If anyone out there knows Susan Dominus, please introduce us. Her stories invariably revolve around key concepts covered in Consequential Strangers. My neighbor Joan, on whom I can always rely to clip stories about consequential strangers, had saved Dominus’s piece, Happy Times at the Dog Run, Now Coming to an End (New York Times, November 7, 2009). It centered on Dick Sebastian, a surgeon-turned-dog-portraitist who, with his wife Susie, had become part of a community of dog owners’ in Washington Square Park. (It sounded a lot like “the path,” where I walk my dog in Northampton, Massachusetts.) Continue Reading »
The paradox of consequential stranger relationships is that on one hand you have something in common–a work project, an interest or activity, the fact that you both own Tibetan Terriers–but you also traffic in different worlds, which opens you up to a new perspective, or a different way of looking at the same issue. In the best situations, you’re able to take in from the other, which enhances your own thinking.
Case in point: parenting guru Ron Taffel and I live very different lives and have rarely spent time in person. But because we’ve worked on two books together (Parenting by Heart and The Second Family), over the years we have become each other’s sounding board. We talk, we exhange tid bits of our lives, and we indulge our mutual fascination with culture and trends. So I wasn’t surprised to learn that in his new book, Childhood Unbound, Ron (without using the term) exhorts parents to call on their consequential strangers–that is, to step outside their intimate spheres to connect with other parents, with teachers, with various characters in the community. While Ron focuses on families, the same benefits accrue to individuals, to members of organizations and corporations, or to entrepreneurs who reach beyond their inner circles. Living today is too hectic, too complex, and too uncertain to go it alone. And loved ones, as valuable as they might be, are not enough.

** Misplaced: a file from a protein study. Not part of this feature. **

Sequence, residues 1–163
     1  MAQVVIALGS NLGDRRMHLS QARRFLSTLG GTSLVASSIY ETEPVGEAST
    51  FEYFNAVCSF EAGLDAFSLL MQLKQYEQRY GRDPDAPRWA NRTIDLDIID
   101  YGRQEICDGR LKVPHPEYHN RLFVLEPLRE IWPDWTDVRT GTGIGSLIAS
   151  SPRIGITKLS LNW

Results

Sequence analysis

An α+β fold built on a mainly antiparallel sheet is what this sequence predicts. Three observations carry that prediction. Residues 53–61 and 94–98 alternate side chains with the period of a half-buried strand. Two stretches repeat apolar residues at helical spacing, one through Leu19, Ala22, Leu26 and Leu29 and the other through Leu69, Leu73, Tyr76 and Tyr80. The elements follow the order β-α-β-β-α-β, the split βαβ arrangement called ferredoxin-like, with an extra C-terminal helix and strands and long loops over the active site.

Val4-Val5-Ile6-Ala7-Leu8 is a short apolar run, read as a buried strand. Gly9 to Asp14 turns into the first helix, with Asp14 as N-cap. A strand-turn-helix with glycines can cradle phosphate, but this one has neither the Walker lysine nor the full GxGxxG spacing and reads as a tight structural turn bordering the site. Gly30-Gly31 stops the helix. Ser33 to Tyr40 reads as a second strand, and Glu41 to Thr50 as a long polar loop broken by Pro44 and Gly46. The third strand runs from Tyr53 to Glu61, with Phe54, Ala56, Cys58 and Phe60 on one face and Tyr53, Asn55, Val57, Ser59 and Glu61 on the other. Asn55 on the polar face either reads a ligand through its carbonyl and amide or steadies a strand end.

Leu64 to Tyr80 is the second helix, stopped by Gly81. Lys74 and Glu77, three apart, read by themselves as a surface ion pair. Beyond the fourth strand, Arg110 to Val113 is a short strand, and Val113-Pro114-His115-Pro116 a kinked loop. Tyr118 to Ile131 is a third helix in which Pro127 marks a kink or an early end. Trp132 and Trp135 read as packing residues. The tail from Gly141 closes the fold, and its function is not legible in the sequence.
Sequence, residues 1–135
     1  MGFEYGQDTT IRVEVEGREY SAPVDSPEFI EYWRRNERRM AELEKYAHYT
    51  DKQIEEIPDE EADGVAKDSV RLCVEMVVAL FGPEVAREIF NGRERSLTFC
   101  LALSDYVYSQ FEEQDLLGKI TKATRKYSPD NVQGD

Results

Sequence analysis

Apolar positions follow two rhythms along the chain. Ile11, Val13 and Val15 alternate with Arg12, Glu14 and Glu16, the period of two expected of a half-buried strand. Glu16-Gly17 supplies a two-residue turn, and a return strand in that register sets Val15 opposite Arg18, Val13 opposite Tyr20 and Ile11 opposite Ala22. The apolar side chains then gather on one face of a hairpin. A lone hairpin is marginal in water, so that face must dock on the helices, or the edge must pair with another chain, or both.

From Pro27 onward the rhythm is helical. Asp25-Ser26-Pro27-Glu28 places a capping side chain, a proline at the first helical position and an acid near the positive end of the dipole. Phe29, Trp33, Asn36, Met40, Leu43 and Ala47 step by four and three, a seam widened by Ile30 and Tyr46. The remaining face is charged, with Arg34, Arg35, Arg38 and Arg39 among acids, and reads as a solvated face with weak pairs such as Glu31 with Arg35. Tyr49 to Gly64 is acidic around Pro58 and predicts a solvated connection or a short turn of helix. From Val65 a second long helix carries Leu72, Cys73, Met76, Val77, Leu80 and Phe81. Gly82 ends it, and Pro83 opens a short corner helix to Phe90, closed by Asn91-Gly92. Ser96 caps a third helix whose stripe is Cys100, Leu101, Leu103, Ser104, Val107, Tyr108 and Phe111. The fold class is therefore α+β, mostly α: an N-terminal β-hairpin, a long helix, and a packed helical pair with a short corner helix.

Ron and I also agree that we have something to learn from the younger generation when it comes to connecting. For years, he’s been warning parents not to underestimate the power of the peer culture–a force he dubbed the “second family.” In Chapter 7, I write about the same group, the Millennials–those Masters of the Internet (now 6 to 26) who didn’t know life before the digital revolution (or barely remember it). Cyberspace is part of the air they breathe. Online and in real life, they’ve already made more connections than some of their parents and grandparents will have made in a lifetime. If the future is about creating community in a hundred different ways, these kids are already there.
Check out all of Ron’s books–he’s one of the most original and expansive thinkers in the parenting genre. He puts it all in context. Childhood Unbound should be read by every parent and grandparent–to understand what “childhood” really means today–but also by anyone who cares about the future of this planet.